Speaking in the Holyrood chamber, the deputy first minister said the Scottish Government has “fully engaged with the UK Government’s freeport agenda”.

However he pointed to remarks made by Scottish Secretary Alister Jack on Monday when he told the Scottish Affairs Committee at Westminster that the governments “disagreed” over paying the real living wage at the sites.

The real living wage is voluntarily paid by almost 9,000 UK businesses who pay a wage related to living costs.

Deputy First Minister John Swinney
Deputy First Minister John Swinney blamed the UK Government for freeports “obstacle”.

Mr Swinney claimed the Tories are “only interested in perpetuating low pay”, as he criticised them for failing to commit to the payment of the higher wage.

The SNP-Green administration at Holyrood has said it wants to pursue its own “green ports” plan, after talks collapsed with UK counterparts.

SNP Trade Minister Ivan McKee had been moving to an agreement in the summer, but could not get the Scottish Secretary to adopt red-line requests, including around pay.

The deputy first minister told MSPs said a key obstacle is the real living wage.

“The Conservatives want to support a low-wage economy,” he claimed.

‘Political games’

Mr Lumsden urged the Scottish Government to “get back round the table with the UK Government for the benefit of ports like Aberdeen and Peterhead”.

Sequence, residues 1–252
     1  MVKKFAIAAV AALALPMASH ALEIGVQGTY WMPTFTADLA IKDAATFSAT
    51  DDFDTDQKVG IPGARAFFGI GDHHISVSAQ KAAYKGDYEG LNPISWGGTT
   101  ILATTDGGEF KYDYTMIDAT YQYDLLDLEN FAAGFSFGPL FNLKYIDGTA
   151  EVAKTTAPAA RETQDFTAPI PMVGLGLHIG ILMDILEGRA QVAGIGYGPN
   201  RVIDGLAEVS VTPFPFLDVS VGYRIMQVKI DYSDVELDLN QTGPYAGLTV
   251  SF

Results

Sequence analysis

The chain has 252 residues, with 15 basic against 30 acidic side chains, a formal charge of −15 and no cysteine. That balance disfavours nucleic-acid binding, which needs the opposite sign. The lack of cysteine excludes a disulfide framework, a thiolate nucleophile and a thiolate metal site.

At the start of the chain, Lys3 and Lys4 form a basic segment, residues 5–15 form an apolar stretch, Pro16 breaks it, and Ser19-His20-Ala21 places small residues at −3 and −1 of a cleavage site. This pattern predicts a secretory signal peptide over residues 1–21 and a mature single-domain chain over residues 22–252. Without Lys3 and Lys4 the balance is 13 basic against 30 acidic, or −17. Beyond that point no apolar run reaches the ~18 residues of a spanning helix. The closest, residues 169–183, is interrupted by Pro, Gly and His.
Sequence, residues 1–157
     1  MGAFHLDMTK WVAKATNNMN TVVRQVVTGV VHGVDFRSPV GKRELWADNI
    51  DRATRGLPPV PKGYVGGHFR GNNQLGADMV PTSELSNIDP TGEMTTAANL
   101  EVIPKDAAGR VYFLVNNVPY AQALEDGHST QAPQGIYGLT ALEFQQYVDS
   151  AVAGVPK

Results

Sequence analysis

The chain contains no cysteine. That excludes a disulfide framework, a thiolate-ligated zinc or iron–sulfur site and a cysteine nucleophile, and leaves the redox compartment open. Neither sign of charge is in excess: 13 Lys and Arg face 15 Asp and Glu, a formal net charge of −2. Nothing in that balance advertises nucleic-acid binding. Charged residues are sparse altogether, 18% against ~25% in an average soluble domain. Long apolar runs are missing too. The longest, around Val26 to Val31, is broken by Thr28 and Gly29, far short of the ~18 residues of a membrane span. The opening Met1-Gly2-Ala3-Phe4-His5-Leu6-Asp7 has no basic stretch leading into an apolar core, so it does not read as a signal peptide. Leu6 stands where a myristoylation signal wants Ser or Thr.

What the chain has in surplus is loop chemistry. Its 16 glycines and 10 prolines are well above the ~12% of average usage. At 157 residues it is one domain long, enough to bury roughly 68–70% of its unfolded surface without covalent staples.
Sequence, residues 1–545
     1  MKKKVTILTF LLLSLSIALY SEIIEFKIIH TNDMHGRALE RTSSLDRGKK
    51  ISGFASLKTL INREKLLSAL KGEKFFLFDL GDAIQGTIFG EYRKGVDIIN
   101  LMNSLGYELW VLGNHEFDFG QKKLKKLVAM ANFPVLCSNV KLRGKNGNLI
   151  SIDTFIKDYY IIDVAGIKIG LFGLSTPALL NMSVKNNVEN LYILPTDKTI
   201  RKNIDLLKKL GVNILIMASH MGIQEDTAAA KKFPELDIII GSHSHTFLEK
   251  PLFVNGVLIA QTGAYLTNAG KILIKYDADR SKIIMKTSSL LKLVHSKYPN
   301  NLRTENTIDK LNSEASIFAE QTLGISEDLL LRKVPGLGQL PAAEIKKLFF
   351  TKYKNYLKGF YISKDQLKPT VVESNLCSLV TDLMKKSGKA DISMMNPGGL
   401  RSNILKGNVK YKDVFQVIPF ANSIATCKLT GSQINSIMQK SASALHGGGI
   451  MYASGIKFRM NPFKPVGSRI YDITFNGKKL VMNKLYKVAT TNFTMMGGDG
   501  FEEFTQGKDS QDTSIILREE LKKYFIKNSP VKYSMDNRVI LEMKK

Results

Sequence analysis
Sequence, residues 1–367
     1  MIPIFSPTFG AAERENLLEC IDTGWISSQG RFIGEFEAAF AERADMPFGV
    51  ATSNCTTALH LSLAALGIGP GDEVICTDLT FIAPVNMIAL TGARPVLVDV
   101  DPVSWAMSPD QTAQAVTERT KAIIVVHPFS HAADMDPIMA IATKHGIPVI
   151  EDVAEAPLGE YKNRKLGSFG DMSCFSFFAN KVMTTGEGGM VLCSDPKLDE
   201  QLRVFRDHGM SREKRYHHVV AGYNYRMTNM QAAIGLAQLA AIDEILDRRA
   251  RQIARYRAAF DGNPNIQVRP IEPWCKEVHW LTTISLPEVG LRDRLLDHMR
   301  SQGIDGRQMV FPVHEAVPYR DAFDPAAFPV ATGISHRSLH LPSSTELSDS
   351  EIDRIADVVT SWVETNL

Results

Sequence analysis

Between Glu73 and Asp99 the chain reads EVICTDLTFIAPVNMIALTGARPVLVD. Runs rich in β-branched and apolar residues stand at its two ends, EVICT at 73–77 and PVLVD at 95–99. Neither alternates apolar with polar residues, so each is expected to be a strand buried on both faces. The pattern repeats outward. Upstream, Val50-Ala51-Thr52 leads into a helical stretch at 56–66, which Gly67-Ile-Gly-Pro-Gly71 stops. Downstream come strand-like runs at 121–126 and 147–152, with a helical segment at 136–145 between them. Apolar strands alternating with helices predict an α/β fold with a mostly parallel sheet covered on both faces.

A total of eight freeport locations have been selected across England, with the UK Government committed to establishing “at least one” each in Scotland, Wales and Northern Ireland.

Mr Lumsden added: “Both Aberdeen and Peterhead have voiced strong support in wanting to be a part of the UK Government’s freeport development which will drive up investment and create jobs.

“But as always, John Swinney and the SNP want to turn their back on the north-east to suit their obsession with separation.

Douglas Lumsden has criticised John Swinney for playing “petty politics” over freeports plan.

“The transformative Teeside Freeport opened for business last month, creating 18,000 jobs while generating billions of pounds for the local economy and the same can be done with the north-east.

“Yet despite this, John Swinney chooses to play political games and is willing to cause harm to our region in the process.”

Real living wage

Speaking to the Scottish Affairs Committee on Monday, the Scottish Secretary said “where we disagreed is the real living wage” instead favouring the minimum wage.

He said the real living wage – which is voluntary – is not a legal requirement and is “not something that’s within our control”.

Mr Jack added: “The UK freeport model, we want it to be competitive in Scotland so it attracts the inward investment and it attracts the jobs so we don’t want to put it at a disadvantage which creating a higher wage structure would do.

“We want the freeports in Scotland to have the same terms and conditions as the freeports.”

Already a subscriber? Sign in



More from the Press and Journal Scottish politics team

More from the Press and Journal